Archive for December 2010
I had forgotten to blog about these two delicious, easy, economical and healthy (vegetarian) kale and cannellini bean recipes. You won’t be surprised to learn the recipes come from my friend Ivy Manning, cookbook author extraordinaire who is known to work wonders with kale.
First, make Ivy’s soul-satisfying kale and cannellini beans bruschetta. You’ll be asking yourself why you don’t make bruschetta, on fresh garlic-rubbed sliced baguette more often. It’s easy. For this recipe, I used local Lacinato kale from Beene Farm in Southtown Corvallis and beans from Matt-Cyn Farm in Albany.
Just be sure to reserve the cooking liquid and leftovers for this Italian kale and white bean soup you can then make later in the week. It’s a simple formula that easy allows for improvisation. I went heavy on the tomatoes and stirred in Trader Joe’s Harvest Grains Israeli couscous-and-quinoa blend before serving. Effortless weeknight dinner!
Speaking of kale, check out Ivy’s slightly more indulgent recipe for colcannon-like Twice-Baked Irish Potatoes with Stout Onions and, of course, Kale.
The Silver Palate Cookbook and I were both born in 1979. So it’s not surprising that this is the cookbook I most associate with my childhood. It was often out in the kitchen, especially when my parents, budding gourmets (and sometimes gourmands) were having a dinner party. Co-authors Julee Russo and Sheila Lukins taught them how to make crème fraîche, Hollandaise sauce and pesto. We all especially loved the book’s vegetable purées: the creamy, nutmeg-kissed broccoli one and the tart beet and apple purée I made as a girl for my parent’s wedding anniversary dinner. And I know folks still swear by The Silver Palate‘s carrot cake and banana cake recipes.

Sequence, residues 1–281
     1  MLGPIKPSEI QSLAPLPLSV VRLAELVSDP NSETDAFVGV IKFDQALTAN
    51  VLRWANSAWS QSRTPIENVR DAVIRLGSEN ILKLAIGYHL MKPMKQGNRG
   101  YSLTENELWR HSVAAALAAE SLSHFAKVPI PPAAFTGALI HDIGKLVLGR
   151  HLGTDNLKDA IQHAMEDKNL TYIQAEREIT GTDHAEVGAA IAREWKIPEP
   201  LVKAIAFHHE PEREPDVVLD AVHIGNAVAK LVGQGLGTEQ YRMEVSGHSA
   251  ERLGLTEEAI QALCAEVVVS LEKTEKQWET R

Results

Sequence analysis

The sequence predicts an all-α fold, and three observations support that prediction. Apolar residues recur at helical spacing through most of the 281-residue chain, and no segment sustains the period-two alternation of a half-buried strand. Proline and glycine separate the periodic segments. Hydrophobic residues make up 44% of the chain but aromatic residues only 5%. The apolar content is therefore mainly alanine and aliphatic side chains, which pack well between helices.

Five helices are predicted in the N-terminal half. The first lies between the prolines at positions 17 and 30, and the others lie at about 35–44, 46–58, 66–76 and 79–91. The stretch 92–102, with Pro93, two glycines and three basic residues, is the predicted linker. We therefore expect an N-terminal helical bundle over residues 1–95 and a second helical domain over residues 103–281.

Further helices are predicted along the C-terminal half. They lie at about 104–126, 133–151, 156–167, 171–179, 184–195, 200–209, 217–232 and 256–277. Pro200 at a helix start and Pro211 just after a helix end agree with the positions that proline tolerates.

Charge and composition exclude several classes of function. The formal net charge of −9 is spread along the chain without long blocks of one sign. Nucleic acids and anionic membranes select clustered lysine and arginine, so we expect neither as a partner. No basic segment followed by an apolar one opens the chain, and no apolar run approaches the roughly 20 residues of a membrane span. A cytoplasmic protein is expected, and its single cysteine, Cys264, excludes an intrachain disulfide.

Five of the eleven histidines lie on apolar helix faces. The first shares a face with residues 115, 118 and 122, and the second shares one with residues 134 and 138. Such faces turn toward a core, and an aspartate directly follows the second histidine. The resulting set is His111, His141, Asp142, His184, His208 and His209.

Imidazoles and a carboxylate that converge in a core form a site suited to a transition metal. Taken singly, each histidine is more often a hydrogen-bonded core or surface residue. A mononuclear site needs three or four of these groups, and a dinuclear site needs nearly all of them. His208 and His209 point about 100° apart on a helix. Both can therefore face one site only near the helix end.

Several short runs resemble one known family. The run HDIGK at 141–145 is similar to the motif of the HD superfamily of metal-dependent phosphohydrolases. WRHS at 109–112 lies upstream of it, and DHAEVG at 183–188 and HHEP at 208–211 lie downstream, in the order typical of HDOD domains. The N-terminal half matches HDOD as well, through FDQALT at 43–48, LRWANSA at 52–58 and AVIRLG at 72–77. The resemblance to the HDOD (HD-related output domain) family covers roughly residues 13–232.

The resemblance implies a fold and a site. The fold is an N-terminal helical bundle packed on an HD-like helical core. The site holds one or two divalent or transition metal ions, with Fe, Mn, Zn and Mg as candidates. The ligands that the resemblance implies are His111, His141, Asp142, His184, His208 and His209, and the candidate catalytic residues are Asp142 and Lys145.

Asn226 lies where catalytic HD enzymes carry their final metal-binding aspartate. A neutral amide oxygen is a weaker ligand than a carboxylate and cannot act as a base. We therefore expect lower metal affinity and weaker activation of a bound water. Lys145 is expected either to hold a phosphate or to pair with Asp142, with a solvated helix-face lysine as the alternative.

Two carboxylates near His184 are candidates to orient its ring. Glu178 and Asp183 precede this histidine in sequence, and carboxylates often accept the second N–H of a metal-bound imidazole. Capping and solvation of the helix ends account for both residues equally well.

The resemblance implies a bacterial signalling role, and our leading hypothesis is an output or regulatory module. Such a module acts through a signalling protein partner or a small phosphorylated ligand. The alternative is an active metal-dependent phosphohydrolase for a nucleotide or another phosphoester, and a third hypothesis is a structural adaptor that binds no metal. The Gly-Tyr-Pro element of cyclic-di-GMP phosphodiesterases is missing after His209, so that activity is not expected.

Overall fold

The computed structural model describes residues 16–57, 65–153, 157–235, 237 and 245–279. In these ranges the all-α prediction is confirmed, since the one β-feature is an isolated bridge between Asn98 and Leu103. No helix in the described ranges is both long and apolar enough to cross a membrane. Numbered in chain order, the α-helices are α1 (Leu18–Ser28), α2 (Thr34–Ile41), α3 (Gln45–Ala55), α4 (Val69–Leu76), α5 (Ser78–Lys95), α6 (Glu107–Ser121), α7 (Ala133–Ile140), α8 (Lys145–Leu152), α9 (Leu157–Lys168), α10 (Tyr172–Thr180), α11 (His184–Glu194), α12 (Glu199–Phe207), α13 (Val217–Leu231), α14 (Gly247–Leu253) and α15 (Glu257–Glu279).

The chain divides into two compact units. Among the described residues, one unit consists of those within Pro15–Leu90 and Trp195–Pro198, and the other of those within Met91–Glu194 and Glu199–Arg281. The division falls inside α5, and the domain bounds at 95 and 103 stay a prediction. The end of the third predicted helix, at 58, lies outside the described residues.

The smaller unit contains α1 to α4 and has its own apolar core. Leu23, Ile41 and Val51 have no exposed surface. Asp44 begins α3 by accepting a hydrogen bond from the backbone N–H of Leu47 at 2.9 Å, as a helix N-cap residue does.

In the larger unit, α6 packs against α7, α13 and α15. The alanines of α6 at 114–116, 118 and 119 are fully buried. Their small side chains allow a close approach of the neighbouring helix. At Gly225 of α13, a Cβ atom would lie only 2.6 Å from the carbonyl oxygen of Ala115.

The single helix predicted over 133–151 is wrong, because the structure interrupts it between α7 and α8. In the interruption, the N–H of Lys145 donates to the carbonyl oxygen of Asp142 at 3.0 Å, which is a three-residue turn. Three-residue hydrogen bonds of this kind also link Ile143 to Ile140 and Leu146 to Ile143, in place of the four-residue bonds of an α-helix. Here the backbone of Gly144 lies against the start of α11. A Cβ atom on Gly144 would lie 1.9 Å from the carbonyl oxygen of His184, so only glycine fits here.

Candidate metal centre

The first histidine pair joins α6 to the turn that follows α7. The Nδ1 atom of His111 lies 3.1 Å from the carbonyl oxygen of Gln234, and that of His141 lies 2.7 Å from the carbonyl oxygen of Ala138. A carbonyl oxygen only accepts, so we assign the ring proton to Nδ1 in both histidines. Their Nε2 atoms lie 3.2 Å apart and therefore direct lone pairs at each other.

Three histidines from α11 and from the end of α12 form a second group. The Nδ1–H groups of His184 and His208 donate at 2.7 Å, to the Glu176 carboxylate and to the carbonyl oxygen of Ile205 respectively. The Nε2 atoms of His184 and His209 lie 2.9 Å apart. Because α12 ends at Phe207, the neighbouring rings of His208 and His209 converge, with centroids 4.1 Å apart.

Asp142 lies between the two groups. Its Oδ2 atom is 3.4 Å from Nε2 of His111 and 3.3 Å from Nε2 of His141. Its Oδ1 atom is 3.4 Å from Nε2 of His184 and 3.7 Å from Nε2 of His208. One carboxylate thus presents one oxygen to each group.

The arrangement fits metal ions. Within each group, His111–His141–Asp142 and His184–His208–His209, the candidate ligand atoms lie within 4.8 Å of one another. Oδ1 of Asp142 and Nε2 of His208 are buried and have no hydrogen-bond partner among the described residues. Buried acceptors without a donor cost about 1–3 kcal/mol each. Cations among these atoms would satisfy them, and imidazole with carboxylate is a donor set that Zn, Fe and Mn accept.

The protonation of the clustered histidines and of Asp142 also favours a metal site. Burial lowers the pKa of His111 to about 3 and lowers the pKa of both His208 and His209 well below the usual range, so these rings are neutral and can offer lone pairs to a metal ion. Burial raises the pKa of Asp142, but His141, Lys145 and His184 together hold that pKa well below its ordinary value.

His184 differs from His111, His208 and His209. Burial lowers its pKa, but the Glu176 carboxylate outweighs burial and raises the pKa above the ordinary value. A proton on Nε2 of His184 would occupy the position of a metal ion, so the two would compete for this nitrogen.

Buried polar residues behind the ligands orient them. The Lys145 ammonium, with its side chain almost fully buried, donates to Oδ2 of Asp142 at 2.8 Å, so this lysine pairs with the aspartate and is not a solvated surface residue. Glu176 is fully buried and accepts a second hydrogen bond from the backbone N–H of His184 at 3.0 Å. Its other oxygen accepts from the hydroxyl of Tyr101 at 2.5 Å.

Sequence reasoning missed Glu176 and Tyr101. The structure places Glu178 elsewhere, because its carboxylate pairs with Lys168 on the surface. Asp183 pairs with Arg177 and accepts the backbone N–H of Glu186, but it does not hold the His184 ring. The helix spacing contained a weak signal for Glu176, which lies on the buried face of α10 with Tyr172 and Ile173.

But I’d never tried the cookbook’s signature chicken Marbella. When Sheila Lukins died in 2009 at the age of 66, this was her legacy recipe we kept hearing about; how it defined dinner parties of the growing yuppie class in the 1980s. I finally had a chance to try the dish tonight, when my mother-in-law made it, with a spirit of nostalgia. The marinade/sauce has that addictive salty-sweet-tart flavor of prunes, olives, capers, vinegar and brown sugar. I do remember once having some cold balsamic chicken breast salad with dried apricots and olives that invoked the flavor’s of this dish. But balsamic vinegar is a noticeable omission in the original Silver Palate. Red wine and white wine vinegar, even sherry vinegar, yes, but balsamic had yet to appear on the scene.